How has your faith grown through this process?
I was reading a commentary on Job and everything he went through. His friends were essentially telling him, “Hey, you’re going through all this stuff directly because you did something wrong.” But as readers, we know he was experiencing those things because he loved God and he was righteous. That story changed my perspective. It helped me realize God is in control even when I don’t understand, and I don’t believe that He is punishing me for something. I’ve started to see that this experience is refining me. It’s helping me to become more like God, in that it causes me to think more about what people are going through. It has humbled me. I am learning how to fight spiritually, and how to love without having positive feelings all the time.
What do you wish more people knew about mental disorders?
While we cannot do what we do without research, it’s important to not to project research onto one person. It’s really important to hear their story. Each person experiences their health and their mind so differently, because God made us so different. So—not forgetting what meta-analyses say about certain disorders—just hearing people’s stories and trusting them is important. Not being afraid to press into the darkness with other people.
So often, there’s this line of thinking that goes, “If I’m not happy or I’m not joyful, then I’m not representing Christ well.” It’s almost giving ourselves too much power or too much credit. We need to remind ourselves of God’s lordship over everything and not approach wellness with such a privileged point of view. A lot of voices who are having opinions on mental health, especially in the church, are coming from a very privileged place to say, “If something’s wrong then you’re doing something wrong.” And I know there are a lot of voices in the world that have been oppressed that would beg to differ.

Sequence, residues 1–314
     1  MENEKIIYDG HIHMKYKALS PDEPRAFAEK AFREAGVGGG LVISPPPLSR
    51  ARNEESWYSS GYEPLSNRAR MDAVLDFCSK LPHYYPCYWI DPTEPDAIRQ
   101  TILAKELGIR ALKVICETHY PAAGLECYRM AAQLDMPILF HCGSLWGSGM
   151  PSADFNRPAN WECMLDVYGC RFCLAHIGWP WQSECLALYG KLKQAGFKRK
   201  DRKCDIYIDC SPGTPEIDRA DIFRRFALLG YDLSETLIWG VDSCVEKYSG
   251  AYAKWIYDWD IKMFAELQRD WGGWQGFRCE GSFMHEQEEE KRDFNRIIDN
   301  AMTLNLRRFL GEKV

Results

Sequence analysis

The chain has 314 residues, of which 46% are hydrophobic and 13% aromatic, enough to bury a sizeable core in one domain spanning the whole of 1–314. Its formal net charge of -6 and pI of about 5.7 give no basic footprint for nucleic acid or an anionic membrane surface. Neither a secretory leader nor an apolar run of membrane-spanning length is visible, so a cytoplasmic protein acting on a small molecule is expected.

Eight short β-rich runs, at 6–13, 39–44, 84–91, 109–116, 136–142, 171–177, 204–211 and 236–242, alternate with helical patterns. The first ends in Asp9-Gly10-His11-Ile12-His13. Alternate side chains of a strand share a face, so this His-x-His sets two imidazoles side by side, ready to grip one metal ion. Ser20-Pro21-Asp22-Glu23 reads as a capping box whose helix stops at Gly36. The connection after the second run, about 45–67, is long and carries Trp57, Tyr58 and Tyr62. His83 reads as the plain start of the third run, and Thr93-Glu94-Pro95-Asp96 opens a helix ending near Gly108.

What encouragement do you have for those who are struggling?
In Scripture, we read of people that experienced hardship when it wasn’t their fault—that’s just how this world is. It’s broken. But the bigger story is about who we are in Him and just trusting that we do have the mind of Christ, even if our physical mind is deteriorating. We have a mind that ultimately still is Christ’s. You are not your condition.
For those who are struggling mentally, I would encourage them to give themselves grace and to rest in the truth of the Resurrection. If you believe the Resurrection actually happened, then even though you are a victim of your mental state, God is going to make something beautiful. Keep going. And even if your disorder doesn’t subside, don’t let the world construct what it means to be a Christian or what it looks like to be a Christian. Know that being faithful in long-suffering, and just resting in God—it’s a beautiful thing to acknowledge our weakness and acknowledge our dependence on God. We are loved no matter what our mind tells us. We’re not beyond His love and His grace no matter what our mind, mental state, might look like.